January 12, 2005

'Fear dust. That's what it is. Fear dust.'

This magpie popped over to The Nation's website for a look-see, instead of just reading the content via RSS feeds. One of our favorite columnists, Katha Pollitt, wrote about a recent NPR story about how the US Army and compassionate Californians ensured that a young Iraqi boy received urgently needed care for injuries he suffered after he picked up a cluster bomb. The boy had picked up the bomb because it was 'round and smooth.'

Pollitt notes that the feel-good story failed to mention that the bomb was laying around on the ground because US forces have been dropping cluster bombs all over Iraq. And it didn't make any comparisons to the way that Afghani children were injured and killed by cluster bombs dropped by the Soviets during their occupation of that country.

Having made these points, Pollitt jumps off to make some important observations about how the US has changed since the '90s:

Sometimes I think America is becoming another place, unrecognizable. David Harvey, the great geographer, tells the story of a friend who returned to the United States last spring after seven years away and could not believe the transformation. "It was as if everyone had been sprinkled with idiot dust!" Some kind of mysterious national dumb-down would explain the ease with which the Republicans have managed to get so many people agitated about the nonexistent Social Security crisis--at 82 percent ranked way above poverty and homelessness (71 percent) and racial justice (47 percent) in a list of urgent issues in a recent poll--or about gay marriage, whose threat to heterosexual unions nobody so far has been able to articulate. Mass mental deterioration would explain, too, how so many Americans still believe the discredited premises of the Iraq War--Saddam Hussein had WMD, was Osama's best friend, was behind 9/11. But even as a joke it doesn't explain the way we have come to accept as normal, or at least plausible, things that would have shocked us to our core only a little while ago. Michelle Malkin, a far-right absurdity, writes a book defending the internment of the Japanese in World War II, and before you know it Daniel Pipes, Middle East scholar and frequent op-ed commentator, is citing Malkin to support his proposals for racial profiling of Muslims. And he's got lots of company--in a recent poll almost half of respondents agreed that the civil liberties of Muslims should be curtailed. Pipes's proposals in turn seem mild compared with the plans being floated by the Pentagon and the CIA for lifetime detention of terrorist suspects--without charges, without lawyers, in a network of secret prisons around the globe. Kafkaesque doesn't begin to describe it--at least Joseph K. had an attorney and the prisoner of "In the Penal Colony" got a sentence.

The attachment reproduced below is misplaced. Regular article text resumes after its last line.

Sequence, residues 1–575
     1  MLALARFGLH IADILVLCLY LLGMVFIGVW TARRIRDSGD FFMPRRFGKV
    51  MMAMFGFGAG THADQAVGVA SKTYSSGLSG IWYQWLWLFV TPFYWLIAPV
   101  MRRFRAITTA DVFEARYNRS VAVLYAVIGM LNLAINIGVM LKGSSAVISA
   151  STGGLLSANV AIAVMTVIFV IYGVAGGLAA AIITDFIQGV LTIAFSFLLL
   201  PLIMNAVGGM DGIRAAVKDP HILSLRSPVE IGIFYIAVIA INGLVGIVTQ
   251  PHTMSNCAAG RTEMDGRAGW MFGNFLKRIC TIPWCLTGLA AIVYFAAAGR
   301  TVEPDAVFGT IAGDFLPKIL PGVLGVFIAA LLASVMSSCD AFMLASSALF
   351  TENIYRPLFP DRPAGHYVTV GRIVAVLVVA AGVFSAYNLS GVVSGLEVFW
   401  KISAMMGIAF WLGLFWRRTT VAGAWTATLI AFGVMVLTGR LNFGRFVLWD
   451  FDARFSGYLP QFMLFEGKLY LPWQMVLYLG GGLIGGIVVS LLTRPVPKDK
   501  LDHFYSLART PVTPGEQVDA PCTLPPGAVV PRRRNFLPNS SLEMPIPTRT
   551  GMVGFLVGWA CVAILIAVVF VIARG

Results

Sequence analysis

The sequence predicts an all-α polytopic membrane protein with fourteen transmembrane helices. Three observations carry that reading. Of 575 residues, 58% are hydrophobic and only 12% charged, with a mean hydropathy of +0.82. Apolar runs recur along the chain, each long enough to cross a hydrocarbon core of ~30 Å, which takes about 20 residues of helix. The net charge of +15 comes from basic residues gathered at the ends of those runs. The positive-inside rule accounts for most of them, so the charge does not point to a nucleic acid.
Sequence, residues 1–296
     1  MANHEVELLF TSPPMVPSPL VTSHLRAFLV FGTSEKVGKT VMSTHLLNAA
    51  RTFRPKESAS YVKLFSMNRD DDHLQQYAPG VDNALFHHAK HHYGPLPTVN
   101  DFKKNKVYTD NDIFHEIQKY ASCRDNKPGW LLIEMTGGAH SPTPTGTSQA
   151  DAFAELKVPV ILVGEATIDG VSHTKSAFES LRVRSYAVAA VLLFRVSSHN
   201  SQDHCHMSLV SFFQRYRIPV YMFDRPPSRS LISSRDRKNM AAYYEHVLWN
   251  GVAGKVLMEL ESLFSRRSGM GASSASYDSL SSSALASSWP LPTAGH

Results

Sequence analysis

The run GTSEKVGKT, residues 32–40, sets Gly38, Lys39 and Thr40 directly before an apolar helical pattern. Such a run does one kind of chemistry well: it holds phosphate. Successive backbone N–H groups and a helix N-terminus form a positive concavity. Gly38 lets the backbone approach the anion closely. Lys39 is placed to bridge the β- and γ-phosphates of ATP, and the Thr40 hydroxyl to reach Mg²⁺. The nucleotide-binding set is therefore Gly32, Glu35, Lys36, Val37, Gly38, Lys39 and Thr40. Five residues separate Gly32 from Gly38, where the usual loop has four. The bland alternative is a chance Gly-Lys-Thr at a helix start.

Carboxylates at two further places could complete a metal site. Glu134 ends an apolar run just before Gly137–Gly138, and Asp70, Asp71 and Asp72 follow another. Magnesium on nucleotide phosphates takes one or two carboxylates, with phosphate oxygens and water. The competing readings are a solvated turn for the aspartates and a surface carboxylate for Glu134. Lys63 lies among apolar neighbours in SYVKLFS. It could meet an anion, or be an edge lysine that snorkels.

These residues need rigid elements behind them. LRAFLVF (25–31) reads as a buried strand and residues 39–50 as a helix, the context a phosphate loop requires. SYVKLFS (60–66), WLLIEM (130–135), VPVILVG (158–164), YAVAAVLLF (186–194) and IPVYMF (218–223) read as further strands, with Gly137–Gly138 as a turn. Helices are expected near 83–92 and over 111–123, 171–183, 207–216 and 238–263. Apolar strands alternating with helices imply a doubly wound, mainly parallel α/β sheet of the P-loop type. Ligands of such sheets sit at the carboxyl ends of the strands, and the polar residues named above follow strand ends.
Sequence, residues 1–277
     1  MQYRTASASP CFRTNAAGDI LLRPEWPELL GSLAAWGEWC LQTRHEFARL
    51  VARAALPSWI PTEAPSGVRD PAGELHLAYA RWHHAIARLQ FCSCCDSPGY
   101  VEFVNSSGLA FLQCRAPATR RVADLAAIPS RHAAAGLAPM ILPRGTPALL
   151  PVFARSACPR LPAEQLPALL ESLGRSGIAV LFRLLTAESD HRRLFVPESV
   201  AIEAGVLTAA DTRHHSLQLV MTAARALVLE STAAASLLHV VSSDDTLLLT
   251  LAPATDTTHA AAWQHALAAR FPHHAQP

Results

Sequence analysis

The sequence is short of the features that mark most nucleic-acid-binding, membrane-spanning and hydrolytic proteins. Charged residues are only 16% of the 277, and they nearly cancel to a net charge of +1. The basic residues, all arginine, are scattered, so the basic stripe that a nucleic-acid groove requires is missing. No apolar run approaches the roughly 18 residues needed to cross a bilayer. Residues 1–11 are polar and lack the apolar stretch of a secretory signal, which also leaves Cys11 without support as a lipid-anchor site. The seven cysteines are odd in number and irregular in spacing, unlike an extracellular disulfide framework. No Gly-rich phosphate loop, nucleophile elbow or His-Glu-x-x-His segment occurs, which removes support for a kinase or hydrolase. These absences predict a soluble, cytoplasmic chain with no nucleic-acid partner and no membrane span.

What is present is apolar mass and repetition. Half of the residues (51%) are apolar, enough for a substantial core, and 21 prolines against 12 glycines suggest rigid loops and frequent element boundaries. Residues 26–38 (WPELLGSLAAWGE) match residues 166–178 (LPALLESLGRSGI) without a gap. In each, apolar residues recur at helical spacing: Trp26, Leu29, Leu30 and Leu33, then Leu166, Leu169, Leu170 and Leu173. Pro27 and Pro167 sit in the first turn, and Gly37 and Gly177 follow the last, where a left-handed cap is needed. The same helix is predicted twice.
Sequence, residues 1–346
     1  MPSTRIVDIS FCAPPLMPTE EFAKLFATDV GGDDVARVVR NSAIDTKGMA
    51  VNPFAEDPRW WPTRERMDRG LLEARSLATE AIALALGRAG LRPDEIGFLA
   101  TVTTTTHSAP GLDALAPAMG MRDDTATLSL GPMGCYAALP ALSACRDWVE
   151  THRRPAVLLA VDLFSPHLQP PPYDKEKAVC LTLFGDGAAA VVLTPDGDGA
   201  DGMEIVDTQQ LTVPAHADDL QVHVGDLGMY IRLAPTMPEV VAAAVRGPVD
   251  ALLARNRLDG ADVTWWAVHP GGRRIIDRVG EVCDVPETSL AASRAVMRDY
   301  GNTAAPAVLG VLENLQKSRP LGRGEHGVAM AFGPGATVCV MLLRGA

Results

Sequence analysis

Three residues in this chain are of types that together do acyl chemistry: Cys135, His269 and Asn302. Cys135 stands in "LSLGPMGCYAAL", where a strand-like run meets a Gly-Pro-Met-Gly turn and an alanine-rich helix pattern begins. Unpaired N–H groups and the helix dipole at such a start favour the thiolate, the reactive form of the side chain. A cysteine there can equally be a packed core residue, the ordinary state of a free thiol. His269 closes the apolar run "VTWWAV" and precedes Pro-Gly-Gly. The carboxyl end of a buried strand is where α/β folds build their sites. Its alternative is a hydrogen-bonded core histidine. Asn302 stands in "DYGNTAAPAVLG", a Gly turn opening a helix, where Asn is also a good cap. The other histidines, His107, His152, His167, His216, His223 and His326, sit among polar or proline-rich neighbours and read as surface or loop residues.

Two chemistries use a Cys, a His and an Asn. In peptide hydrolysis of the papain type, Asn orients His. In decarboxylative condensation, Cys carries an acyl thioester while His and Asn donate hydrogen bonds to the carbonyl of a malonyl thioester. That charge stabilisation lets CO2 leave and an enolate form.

[...] The problem is fear. The media are afraid of looking too "liberal," intellectuals are afraid of being called "anti-American"--and they will be if they challenge too vigorously the crimes being committed in America's name--Democrats are afraid of having their remaining bits of turf plowed under and sown with salt by the Republicans, the left is afraid of looking too "secular" and not "supporting the troops," and ordinary people are afraid of being blown up by the terrorist next door.

Fear dust. That's what it is. Fear dust.

And, as Pollitt points out, it certainly does seem to be everywhere these days.

Posted by Magpie at January 12, 2005 12:41 PM | US Politics | Technorati links |
Comments

the nonexistent Social Security crisis--82 percent ranked way above poverty and homelessness (71 percent) and racial justice (47 percent) in a list of urgent issues in a recent poll

Any idea which poll that was?

Posted by: Daniel K at January 12, 2005 05:31 PM

The problem is fear. The media are afraid of looking too "liberal," intellectuals are afraid of being called "anti-American"--and they will be if they challenge too vigorously the crimes being committed in America's name

I had an interesting conversation over email with a conservative family member today. He brought out the familiar refrain of, "If the Democratic Party gets any further left, they'll be obsolete". I challenged him to explain to me exactly what makes them so far "left" already. I haven't heard back, but there's no good answer for him. Economically, Joe Lieberman is further 'left' than Howard Dean. Socially, the Democratic party's official platform on drug use, gay marriage, and alcohol is considered center-right in most of the rest of the first world. And on foreign relations, when Richard Clarke and Brent Scowcroft are on the 'left' and Zell Miller and Ed Koch are the 'right', you quickly realize that the left/right scale is about as meaningless as the upcoming Iraqi elections.

Posted by: thehim at January 12, 2005 05:55 PM

Once more I'm reminded why I am such of fan of Katha Pollitt. Definitely fear dust.

Posted by: Mary at January 12, 2005 11:22 PM